Article

In vitro growth and ovulation of follicles from ovaries of estrogen receptor (ER){alpha} and ER{beta} null mice indicate a role for ER{beta} in follicular maturation.

Laboratory of Reproductive and Developmental Toxicology, National Institute of Environmental Health Sciences/National Institutes of Health, MD B3-02, P.O. Box 12233, Research Triangle Park, North Carolina 27709, USA.
Endocrinology (Impact Factor: 4.64). 07/2005; 146(6):2817-26. DOI: 10.1210/en.2004-1108
Source: PubMed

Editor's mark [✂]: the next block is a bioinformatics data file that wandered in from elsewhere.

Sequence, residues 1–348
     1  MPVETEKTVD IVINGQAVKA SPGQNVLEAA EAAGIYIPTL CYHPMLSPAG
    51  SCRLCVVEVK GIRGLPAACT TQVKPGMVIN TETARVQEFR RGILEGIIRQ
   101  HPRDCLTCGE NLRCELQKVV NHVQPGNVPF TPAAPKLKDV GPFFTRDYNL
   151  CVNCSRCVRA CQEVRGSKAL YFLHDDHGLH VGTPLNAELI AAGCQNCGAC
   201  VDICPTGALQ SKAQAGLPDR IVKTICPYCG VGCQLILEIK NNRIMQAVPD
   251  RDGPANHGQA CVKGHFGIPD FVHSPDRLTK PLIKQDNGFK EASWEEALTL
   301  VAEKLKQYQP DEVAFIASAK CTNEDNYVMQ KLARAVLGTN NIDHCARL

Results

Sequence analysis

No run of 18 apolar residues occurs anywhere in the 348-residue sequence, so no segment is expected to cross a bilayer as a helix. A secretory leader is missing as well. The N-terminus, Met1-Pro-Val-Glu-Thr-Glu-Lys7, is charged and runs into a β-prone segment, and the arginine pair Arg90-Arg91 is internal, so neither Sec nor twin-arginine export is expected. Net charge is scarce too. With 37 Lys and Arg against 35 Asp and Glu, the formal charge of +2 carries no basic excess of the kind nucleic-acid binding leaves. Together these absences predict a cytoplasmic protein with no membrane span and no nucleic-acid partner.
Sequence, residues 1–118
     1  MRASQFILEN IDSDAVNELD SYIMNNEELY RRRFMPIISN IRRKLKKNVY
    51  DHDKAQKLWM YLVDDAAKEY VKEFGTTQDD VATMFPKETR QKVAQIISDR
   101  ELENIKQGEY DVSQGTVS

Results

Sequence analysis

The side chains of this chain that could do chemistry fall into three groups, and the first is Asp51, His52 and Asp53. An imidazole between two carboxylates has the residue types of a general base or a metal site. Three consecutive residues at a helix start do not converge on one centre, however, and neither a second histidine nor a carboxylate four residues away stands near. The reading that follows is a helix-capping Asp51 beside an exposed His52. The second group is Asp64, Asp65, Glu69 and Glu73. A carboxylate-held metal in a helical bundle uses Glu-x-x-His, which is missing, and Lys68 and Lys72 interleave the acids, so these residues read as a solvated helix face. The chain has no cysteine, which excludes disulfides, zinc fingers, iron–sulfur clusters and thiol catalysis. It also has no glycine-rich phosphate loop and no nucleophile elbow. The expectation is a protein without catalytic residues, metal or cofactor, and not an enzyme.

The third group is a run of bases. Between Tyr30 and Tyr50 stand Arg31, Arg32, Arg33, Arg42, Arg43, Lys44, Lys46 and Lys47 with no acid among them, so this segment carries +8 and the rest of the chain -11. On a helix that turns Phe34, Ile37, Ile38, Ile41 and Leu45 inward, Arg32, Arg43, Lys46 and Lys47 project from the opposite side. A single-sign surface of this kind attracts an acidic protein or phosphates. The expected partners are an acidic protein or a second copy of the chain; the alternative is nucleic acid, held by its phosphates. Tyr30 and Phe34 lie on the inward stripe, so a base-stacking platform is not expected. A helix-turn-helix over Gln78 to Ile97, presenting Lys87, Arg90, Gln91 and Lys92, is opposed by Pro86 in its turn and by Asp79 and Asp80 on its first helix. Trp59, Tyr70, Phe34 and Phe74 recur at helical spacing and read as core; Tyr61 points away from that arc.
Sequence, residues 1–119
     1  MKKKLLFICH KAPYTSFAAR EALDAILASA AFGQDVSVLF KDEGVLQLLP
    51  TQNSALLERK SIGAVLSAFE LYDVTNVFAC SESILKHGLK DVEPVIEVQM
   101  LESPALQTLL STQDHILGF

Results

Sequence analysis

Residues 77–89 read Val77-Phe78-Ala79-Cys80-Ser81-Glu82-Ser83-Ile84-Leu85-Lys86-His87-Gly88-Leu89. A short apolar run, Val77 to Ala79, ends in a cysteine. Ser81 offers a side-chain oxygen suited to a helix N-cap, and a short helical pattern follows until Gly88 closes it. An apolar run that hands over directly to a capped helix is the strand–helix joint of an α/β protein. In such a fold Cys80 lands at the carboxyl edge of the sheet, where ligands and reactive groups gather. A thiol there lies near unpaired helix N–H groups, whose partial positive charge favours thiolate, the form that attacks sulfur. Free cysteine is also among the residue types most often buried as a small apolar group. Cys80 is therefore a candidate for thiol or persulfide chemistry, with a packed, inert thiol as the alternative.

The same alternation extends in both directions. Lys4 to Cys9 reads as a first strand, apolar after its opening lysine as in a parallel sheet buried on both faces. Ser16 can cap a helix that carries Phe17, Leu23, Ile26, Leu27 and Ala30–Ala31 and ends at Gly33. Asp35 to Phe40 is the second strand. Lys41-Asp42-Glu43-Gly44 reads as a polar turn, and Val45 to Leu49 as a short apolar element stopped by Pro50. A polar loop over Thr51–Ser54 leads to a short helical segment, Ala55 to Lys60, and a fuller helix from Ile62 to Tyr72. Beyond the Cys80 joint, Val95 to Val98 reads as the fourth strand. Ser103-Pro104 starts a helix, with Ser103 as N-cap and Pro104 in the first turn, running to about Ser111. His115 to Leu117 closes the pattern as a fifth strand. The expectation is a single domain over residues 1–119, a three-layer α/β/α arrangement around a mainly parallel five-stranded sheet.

ABSTRACT Both estrogen receptor (ER) alpha and beta are expressed within the ovary and lack of either of these receptors affects ovarian function. In this study, the role of ERalpha and ERbeta in folliculogenesis and ovulation was further analyzed. Evaluation of ovarian follicle populations in wild-type and ERbeta knockout (betaERKO) ovaries revealed reduced late antral growth and ovulatory capacity of betaERKO follicles, indicated by reduced numbers of large antral follicles and corpora lutea and increased atresia of large antral follicles. An in vitro culture system was used to study growth, rupture, and luteinization of wild-type, ERalpha knockout (alphaERKO) and betaERKO ovarian follicles. alphaERKO follicles exhibited wild-type-like growth and ovulation rates but an increased capacity to synthesize estradiol. In contrast, betaERKO follicles showed a significant lack of progression from early antral to large antral stage, decreased estradiol production, and reduced ovulation. Expression patterns of several genes involved in follicle maturation and ovulation were analyzed in follicles grown in vitro. Ar, Pgr, and Has2 mRNA expression levels were the same among the three genotypes. However, betaERKO follicles showed reduced expression of Cyp19 mRNA during follicle maturation and reduced Lhcgr and Ptgs2 mRNA expression after human chorionic gonadotropin stimulus. Luteinization occurs normally in alphaERKO and betaERKO follicles, shown by increased progesterone secretion and increased cdkn1b mRNA expression after human chorionic gonadotropin. Collectively, these data indicate that ERbeta, but not ERalpha, plays a direct role in folliculogenesis. ERbeta appears to facilitate follicle maturation from the early antral to the preovulatory stage.

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